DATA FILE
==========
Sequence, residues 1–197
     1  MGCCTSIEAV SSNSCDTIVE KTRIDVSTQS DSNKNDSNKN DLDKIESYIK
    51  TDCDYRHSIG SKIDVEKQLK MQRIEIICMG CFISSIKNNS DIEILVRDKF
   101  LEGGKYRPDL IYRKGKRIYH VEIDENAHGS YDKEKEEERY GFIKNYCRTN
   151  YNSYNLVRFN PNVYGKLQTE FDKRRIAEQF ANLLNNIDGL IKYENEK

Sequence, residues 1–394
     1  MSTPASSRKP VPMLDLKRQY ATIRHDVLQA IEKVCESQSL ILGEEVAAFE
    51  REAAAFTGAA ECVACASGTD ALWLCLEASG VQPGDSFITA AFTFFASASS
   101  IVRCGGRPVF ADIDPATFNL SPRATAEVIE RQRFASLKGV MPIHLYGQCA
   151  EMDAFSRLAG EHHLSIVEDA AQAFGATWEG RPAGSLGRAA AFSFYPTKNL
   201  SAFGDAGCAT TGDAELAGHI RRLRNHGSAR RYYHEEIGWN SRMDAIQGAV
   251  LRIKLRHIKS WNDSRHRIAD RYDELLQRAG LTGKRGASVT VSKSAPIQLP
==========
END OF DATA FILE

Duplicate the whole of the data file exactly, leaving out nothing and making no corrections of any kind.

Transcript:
Sequence, residues 1–197
     1  MGCCTSIEAV SSNSCDTIVE KTRIDVSTQS DSNKNDSNKN DLDKIESYIK
    51  TDCDYRHSIG SKIDVEKQLK MQRIEIICMG CFISSIKNNS DIEILVRDKF
   101  LEGGKYRPDL IYRKGKRIYH VEIDENAHGS YDKEKEEERY GFIKNYCRTN
   151  YNSYNLVRFN PNVYGKLQTE FDKRRIAEQF ANLLNNIDGL IKYENEK

Sequence, residues 1–394
     1  MSTPASSRKP VPMLDLKRQY ATIRHDVLQA IEKVCESQSL ILGEEVAAFE
    51  REAAAFTGAA ECVACASGTD ALWLCLEASG VQPGDSFITA AFTFFASASS
   101  IVRCGGRPVF ADIDPATFNL SPRATAEVIE RQRFASLKGV MPIHLYGQCA
   151  EMDAFSRLAG EHHLSIVEDA AQAFGATWEG RPAGSLGRAA AFSFYPTKNL
   201  SAFGDAGCAT TGDAELAGHI RRLRNHGSAR RYYHEEIGWN SRMDAIQGAV
   251  LRIKLRHIKS WNDSRHRIAD RYDELLQRAG LTGKRGASVT VSKSAPIQLP